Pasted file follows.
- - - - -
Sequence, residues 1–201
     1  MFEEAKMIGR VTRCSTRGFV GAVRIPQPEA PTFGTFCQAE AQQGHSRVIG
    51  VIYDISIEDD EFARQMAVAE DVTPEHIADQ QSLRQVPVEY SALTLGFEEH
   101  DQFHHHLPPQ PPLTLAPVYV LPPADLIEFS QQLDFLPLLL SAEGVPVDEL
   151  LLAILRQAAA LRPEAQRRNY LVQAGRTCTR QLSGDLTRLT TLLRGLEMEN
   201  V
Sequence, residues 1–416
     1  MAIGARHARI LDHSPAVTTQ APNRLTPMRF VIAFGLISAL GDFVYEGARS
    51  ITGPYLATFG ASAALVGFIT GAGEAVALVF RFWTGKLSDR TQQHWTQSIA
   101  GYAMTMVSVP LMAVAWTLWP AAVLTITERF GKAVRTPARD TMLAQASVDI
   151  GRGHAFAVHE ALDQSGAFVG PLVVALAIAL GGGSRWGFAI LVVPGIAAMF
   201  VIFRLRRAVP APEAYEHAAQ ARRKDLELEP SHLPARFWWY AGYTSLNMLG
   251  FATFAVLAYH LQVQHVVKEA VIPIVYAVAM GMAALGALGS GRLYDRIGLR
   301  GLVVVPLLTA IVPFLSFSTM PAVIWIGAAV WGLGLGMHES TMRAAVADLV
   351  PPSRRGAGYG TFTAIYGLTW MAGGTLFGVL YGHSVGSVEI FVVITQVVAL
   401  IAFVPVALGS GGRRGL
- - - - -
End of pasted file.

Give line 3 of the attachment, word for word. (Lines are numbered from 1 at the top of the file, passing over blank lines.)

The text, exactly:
    51  VIYDISIEDD EFARQMAVAE DVTPEHIADQ QSLRQVPVEY SALTLGFEEH